Valerian was conspicuous in many "official" drug books from the late 1600s until well into the 20th century. A good reference point for "official" works of plant drugs is the first London Pharmacopeia, "Pharmacopoeia Londinensis," of 1618, which was the first of the "official", or nationally-mandated drug books in Great Britain, continuing also with the Edinburgh Dispensatory, then later the British Pharmacopoeia. This early work was a direct model for the first U.S. Pharmacopeia and was influenced itself by works from the 16th century, such as the Augsburg Pharmacopoeia and the Dispensatory of Valerus Cordus (1546). The project was first talked about in 1585, and was written entirely in Latin, later translated into English by the infamous Nicolas Culpeper. Culpeper felt that the authors of the "College of Physicians" who wrote it were being too secretive and desired to make the formulas and other information on herbal use available to the masses. His herbal was probably the most popular of all time, and is still going through new editions today (Culpeper, color herbal).
The Pharmacopoeia contains many herbal simples and preparations, but also over 162 drugs from animals, animal parts and excretia (such as saliva, sweat and urine)--similar to drugs included in the materia medica of Traditional Chinese Medicine. Ironically, these official works were used mainly by the "regular" physicians of the day--doctors who followed the traditions of Dioscorides and Galen. The "quacks" of the day were the followers of Paracelsus who used mineral salts, such as lead and arsenic compounds--the forerunners of synthetic medicine.
The following table condenses many of the early uses and indications for valerian in official works from 1618 until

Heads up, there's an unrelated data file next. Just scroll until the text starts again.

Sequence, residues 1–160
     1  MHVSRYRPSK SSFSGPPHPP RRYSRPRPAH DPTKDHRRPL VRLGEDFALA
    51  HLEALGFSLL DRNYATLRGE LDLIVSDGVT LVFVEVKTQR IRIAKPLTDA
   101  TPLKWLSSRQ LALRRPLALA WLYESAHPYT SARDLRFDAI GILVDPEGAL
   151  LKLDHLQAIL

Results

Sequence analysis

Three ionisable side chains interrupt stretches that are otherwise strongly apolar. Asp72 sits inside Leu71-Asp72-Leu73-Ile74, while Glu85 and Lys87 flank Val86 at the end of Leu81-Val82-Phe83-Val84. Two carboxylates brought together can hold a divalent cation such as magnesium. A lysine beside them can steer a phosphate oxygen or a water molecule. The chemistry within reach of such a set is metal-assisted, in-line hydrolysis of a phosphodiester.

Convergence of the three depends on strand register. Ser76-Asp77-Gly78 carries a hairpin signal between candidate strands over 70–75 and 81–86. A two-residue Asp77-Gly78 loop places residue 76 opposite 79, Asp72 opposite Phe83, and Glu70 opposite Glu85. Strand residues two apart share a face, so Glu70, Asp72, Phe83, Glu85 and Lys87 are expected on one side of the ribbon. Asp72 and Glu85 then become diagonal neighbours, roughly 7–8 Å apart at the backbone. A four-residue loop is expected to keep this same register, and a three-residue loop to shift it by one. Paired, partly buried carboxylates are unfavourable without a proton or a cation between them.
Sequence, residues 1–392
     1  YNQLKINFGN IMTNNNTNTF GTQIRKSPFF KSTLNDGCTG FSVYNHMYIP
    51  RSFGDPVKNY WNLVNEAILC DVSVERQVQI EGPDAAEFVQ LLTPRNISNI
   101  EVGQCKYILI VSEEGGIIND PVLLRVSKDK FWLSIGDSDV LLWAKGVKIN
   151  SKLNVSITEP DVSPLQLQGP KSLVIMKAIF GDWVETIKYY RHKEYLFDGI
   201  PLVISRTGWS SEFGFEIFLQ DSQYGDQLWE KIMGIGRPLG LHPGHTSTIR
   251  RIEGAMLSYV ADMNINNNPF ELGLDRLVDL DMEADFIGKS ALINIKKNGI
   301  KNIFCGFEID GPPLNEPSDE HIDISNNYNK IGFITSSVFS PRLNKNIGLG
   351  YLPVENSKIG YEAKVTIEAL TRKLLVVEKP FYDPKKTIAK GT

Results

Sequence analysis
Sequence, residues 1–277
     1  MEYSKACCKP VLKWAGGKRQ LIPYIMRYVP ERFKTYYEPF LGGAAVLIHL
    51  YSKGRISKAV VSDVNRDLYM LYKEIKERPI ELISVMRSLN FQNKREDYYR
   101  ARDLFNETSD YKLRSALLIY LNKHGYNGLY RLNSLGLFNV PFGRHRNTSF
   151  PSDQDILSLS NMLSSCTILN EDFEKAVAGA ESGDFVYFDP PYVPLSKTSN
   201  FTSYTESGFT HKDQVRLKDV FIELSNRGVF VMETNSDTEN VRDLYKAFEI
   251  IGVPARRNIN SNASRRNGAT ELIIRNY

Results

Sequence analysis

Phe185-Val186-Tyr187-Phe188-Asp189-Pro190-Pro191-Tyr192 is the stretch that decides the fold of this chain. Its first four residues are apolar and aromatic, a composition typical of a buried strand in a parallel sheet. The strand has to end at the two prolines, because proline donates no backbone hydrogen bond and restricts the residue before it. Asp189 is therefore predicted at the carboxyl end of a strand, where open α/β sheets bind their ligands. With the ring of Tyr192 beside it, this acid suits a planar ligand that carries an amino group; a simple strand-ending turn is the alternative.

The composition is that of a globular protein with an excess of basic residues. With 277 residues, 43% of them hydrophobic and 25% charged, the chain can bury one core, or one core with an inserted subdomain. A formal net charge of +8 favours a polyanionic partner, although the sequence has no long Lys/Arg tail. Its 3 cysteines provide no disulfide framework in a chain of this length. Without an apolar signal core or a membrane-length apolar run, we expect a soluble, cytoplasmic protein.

Year, Work, Preparations, Indications & Notes
1618 London infusion, tinc., None given (Indian Pharmacop. ammoniated tinc. and Celtic Nard also listed); valerian official from 1618-1948
1820 U.S. tinc., ammoniated Official from 1820-1936 Pharmacopeia tincture
1830 U.S. tinc., ammoniated Antispasmodic, tonic,Pharmacopeia tincture emmenagogue; dose 1 to 4 GM
1888 National fluid extract, Official from 1888-1946 Formulary ammoniated tincture
The major preparation of the British Pharmacopeia is Tinctura Valerianae Ammoniata, which contains valerian, oil of nutmeg, oil of lemon and ammonia. Grieve says of it: "it is an extremely nauseous and offensive preparation." A distilled water and syrup of valerian are official in the French Codex, and various valerianates are commonly used in Europe as antispasmodics. They are made by reacting synthetic valerenic acid with various bases (as of zinc).
Valerian was also official in the Pharmacopeias of many other countries world-wide. For instance, in 1967 it was still official in the Pharmacopeias of Austria, Belgium, Brazil, Chile, Czechoslovakia, France, German, Hungary, Yugoslavia, The Netherlands, Poland, Portugal, Roumania, Russia, Spain, and Switzerland. In India, V. wallichii DC. was official, in Japan, V. officinalis var. latifolia.60
Although valerian is not official in the U.S. today, it is probably the most common herbal remedy recommended by herbalists, naturopathic doctors and chiropractors for mild forms of insomnia and tension. In Europe hundreds of preparations are sold in drug stores, markets and apothecaries. As herbal medicine is becoming more widespread in the U.S., there is every indication that it will continue to prosper as a mild sedative herb to be recommended where stronger drugs are not advisable or necessary.
1. Berkow, R. (ed.). 1982. The Merck Manual. Rahway, NJ: Merck & Co., Inc.
2. Wilson, C.O., et al. 1977. Textbook of Organic Medicinal and Pharmaceutical Chemistry. Philadelphia: J.B. Lippincott Co.
3. AMA Division of Drugs. 1983. AMA Drug Evaluations. Chicago: American Medical Association.